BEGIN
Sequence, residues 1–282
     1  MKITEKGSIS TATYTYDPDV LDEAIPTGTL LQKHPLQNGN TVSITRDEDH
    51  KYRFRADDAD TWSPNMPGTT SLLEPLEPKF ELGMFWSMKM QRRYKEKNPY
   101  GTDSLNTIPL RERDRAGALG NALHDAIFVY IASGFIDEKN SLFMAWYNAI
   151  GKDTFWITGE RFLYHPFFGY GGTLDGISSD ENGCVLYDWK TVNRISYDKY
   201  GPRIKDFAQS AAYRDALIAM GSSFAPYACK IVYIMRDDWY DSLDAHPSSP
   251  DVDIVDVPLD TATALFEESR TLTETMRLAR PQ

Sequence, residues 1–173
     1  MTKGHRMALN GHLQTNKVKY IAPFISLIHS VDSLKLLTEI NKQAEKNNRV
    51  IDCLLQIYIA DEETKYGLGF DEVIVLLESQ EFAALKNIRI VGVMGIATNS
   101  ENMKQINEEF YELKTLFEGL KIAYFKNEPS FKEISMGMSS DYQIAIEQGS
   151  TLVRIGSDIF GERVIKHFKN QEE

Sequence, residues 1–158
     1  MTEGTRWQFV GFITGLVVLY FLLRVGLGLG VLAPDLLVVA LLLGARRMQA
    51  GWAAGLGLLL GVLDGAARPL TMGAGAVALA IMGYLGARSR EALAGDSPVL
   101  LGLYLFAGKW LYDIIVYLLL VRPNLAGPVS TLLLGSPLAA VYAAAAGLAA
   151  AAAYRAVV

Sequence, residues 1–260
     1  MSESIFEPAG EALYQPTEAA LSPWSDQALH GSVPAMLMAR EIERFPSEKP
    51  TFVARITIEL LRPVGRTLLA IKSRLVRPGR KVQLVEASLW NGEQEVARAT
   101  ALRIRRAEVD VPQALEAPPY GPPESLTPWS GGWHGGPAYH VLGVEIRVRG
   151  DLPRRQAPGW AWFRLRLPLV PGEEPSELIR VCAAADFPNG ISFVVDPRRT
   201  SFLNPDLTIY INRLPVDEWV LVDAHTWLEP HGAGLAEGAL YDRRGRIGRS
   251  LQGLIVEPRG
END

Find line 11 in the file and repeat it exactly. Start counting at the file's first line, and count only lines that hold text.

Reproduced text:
   101  ENMKQINEEF YELKTLFEGL KIAYFKNEPS FKEISMGMSS DYQIAIEQGS